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How to Ace the Transition to College: Strategies from an ADHD Coach

Are you dying to begin your first college semester? Or feeling overwhelmed, exhausted, and anxious about leaving home? Use these tips to build up your self-confidence, stop worrying, and start loving your future.

A college student with ADHD walks across campus carrying her laptop
A college student with ADHD walks across campus carrying her laptop

Get Organized

In high school, did you repeatedly forget your papers at home? If so, use one master binder for each class — a place to store all physical materials. Worried about losing it too? Invest in the Tile app. While you’re at it, purchase 3 more to attach to your agenda, keys, and wallet.

Keep Track of Time

If you’re like most teens, you do everything on your phone – scheduling, making lists, but also playing games and using Instagram. It’s simultaneously your greatest tool, and your biggest distractor.

What’s the solution? Get an old-school agenda, like Passion Planner, which allows you to see the full week laid out in 30-minute increments from 6am – 11pm. There is a spot to write your personal and work/school goals and action steps to achieve them with extra space to include monthly reflections on what you’ve achieved and how to improve it next month.

With each course syllabus you receive, write down every exam, group project, and paper due date. Try using the Pilot Frixion .07mm Erasable Pen in different colors – one for each course. Then, as you hand in assignments, mark the grade you received next to each so you can see where you stand in each class as the semester progresses. This process creates a routine around handing in work that will help you keep yourself on track.

Then, be sure to write in social engagements, volunteering, and time with friends and family. Scheduling you time is a good way to take care of yourself, and keep from burning out. A quick look at your calendar can remind you to say NO when you have too much on your plate.

Create A Daily Routine

Getting enough sleep and eating a protein-packed breakfast are crucial to your success in class. Before you leave for college, start going to bed at the same time every night, and waking up at the same time in the morning. That way, the alarm going off before your first morning seminar will be a little less of a shock. Use apps to track your sleep – like Sleep as One (Android) or Sleep Cycle (iOS) to make sure you’re getting enough. And talk with your roommate about the importance of having a reliable daily schedule.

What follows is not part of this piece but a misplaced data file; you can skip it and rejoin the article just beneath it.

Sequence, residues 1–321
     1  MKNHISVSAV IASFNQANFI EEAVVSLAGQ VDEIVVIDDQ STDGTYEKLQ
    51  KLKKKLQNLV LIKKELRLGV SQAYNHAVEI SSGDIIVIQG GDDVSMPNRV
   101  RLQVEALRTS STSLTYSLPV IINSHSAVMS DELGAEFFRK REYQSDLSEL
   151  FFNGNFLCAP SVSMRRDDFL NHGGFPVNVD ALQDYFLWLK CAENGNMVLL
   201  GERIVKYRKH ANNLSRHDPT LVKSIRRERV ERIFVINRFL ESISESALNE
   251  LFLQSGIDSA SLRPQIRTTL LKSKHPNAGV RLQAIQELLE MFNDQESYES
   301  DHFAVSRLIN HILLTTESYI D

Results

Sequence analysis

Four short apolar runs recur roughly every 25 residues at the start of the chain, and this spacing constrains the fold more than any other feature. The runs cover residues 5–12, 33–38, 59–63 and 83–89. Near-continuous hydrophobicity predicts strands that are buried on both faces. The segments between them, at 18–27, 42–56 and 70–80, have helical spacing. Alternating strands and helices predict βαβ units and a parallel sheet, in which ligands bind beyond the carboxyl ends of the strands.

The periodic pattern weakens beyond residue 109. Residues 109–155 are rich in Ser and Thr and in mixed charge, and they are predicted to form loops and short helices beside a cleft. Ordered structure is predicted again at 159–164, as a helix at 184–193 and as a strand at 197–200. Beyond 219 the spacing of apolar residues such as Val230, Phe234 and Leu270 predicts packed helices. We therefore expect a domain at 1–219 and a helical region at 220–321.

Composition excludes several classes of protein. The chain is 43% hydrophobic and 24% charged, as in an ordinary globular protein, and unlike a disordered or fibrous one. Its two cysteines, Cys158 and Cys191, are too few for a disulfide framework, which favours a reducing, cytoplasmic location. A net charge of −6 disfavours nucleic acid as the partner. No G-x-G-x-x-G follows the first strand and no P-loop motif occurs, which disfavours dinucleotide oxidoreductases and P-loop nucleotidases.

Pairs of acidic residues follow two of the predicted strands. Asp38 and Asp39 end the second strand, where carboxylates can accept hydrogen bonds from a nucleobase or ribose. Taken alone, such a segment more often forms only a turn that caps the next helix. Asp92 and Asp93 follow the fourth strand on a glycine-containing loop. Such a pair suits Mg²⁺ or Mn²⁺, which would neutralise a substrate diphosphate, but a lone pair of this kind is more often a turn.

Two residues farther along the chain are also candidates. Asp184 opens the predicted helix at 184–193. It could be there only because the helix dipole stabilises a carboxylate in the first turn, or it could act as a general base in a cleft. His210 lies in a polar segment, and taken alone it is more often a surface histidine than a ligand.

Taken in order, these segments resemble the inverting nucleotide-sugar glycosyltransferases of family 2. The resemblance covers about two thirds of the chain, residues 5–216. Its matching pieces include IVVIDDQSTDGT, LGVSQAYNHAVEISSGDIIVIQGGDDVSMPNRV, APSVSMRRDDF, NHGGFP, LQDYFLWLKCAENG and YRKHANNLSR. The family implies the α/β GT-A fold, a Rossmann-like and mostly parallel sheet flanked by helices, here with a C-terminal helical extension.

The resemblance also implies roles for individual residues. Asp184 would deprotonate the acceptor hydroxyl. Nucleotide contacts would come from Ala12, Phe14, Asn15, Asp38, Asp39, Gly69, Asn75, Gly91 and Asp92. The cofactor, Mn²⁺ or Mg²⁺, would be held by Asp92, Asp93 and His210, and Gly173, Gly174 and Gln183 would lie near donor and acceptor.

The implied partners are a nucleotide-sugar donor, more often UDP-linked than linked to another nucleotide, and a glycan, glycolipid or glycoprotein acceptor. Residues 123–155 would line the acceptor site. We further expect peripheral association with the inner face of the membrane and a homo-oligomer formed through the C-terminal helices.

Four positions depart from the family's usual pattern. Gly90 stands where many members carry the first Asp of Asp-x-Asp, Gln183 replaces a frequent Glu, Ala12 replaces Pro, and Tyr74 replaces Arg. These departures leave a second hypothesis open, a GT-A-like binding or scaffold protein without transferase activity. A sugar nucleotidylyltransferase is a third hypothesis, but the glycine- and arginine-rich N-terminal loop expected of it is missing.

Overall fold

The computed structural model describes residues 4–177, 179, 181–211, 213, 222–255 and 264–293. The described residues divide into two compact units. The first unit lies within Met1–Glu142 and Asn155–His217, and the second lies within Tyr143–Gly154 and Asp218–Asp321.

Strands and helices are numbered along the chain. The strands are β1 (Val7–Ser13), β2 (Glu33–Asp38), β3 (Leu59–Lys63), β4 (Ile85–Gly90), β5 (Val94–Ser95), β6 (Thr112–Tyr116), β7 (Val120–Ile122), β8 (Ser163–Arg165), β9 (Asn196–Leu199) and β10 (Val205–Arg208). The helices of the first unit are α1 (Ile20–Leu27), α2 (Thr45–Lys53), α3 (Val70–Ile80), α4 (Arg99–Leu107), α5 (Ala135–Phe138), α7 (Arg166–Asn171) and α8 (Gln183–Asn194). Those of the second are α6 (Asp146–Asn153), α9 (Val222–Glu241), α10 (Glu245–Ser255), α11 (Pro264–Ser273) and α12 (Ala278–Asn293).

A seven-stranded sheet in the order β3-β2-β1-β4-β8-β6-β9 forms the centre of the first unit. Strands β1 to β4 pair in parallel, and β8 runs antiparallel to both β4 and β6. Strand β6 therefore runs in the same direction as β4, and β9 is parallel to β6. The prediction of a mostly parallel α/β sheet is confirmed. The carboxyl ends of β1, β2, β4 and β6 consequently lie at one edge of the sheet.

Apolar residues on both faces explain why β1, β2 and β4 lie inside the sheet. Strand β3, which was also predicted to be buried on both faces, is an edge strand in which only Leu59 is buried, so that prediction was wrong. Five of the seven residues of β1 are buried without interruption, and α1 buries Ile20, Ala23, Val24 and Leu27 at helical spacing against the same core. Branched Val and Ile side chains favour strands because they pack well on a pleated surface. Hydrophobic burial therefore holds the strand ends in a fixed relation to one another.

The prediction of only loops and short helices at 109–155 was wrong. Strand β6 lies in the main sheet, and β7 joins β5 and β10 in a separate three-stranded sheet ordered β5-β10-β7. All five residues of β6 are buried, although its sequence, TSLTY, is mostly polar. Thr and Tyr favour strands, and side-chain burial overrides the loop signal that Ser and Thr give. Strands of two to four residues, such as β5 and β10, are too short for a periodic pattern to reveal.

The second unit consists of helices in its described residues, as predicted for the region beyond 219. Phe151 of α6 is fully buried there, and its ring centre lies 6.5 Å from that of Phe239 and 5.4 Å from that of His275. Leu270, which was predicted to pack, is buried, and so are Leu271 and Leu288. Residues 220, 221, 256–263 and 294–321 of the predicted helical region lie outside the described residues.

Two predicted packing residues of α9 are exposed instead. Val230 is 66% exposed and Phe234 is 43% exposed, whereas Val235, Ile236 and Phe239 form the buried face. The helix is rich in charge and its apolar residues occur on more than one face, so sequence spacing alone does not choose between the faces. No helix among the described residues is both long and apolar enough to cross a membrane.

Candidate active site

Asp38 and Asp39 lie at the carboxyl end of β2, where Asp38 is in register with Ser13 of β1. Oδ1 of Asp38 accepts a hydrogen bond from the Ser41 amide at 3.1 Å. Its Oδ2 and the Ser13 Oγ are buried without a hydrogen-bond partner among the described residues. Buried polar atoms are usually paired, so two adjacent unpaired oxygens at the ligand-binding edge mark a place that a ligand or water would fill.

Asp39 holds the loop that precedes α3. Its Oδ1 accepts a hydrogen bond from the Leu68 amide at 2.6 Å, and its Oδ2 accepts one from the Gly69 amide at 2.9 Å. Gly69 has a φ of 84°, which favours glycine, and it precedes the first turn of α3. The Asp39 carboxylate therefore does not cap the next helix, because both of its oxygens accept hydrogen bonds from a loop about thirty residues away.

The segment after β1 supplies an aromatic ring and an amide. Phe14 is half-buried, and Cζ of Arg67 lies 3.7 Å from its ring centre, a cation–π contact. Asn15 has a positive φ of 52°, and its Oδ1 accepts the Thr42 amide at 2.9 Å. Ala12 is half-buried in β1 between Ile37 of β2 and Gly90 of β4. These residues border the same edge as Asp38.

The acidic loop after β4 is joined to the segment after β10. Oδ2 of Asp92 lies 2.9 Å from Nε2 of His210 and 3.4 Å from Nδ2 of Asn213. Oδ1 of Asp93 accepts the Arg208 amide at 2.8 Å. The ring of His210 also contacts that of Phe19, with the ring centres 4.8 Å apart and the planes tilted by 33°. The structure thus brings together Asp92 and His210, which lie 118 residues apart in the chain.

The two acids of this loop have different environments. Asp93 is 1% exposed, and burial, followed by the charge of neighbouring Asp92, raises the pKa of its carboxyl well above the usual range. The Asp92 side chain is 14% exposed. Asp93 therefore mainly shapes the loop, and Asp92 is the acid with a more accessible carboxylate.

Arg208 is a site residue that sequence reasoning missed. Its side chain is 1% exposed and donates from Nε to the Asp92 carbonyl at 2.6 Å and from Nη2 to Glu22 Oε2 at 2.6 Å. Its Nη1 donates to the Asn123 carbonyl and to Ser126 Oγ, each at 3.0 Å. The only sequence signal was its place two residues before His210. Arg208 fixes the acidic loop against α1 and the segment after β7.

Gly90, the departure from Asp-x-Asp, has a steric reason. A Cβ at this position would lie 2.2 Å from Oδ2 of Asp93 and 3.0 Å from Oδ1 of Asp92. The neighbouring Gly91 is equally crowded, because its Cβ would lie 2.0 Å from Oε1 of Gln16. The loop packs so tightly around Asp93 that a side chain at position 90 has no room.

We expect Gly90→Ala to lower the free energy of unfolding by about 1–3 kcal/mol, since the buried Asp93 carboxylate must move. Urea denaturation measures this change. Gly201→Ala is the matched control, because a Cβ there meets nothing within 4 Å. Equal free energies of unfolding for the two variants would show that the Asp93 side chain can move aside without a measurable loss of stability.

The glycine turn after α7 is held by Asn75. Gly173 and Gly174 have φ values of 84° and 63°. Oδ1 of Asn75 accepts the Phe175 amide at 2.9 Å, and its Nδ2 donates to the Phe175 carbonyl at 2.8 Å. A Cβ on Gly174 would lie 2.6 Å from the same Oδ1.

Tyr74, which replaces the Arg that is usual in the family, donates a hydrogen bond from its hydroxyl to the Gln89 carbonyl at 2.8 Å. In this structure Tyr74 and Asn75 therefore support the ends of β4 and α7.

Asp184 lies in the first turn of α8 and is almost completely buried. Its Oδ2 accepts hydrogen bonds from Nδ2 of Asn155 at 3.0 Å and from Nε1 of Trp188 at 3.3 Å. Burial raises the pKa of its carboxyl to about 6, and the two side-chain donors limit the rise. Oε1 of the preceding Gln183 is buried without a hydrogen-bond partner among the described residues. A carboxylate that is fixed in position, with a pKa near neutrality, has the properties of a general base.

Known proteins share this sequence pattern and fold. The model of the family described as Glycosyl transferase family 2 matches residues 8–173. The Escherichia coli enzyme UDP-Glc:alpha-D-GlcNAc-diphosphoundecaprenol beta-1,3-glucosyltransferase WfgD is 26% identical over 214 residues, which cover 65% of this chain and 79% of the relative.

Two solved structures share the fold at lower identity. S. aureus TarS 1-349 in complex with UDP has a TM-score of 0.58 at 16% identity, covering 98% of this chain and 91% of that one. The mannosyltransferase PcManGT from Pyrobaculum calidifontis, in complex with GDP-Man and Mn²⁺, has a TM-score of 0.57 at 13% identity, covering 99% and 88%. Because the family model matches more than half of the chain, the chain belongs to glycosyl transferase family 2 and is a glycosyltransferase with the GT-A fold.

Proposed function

Explain What Works for You

If having a fidget ring, stress ball, music, or doodle pad helps you focus more on a specific topic, let your professor know, and ask if you can use the fidget in class so long as it’s not disruptive. This way, when they see you with one earbud in, they will know you’re trying hard to focus, not just zoning out.

Build Relationships with Professors

In high school, buddying up with teachers made you a suck up. In college, your professors are the people who will evaluate you in class, work with you one on one, and potentially submit a reference for you when you graduate and start applying for jobs. Their recommendations could make the difference between getting a job before your peers or filling out thousands of online applications with no reply! Start building those relationships early.

Be Realistic About Study Time

Sure, we all hate studying, but for subjects that are especially challenging we just have to buckle down. Think about college as a full time job. It should take up at least 40 hours of your week. Most students are in class for 20-25 hours, so that means you should schedule the remaining 15-20 in the library, or with a tutor if you need it.

Get a Coach

Your coach should have your back and encourage you to live to your fullest potential. This doesn’t always have to be a professional coach. Teachers, resource teachers, disability resource facilitators, learning strategists, friends and family can all take on this role in your life. It can be anyone so long as they approach supporting you in a collaborative way and believe in mutual accountability. If there are specific things stressing you out, role play with your coach the potential ways the situation could play out. It can reduce anxiety, and calm your nerves.

Following steps like these help you succeed in college, and in life. Learn to reach out to your support network for help if you feel like you are slipping. They can help keep you on the “going somewhere great” path! Then, sit back and celebrate yourself – you went to college, and you’re doing it!



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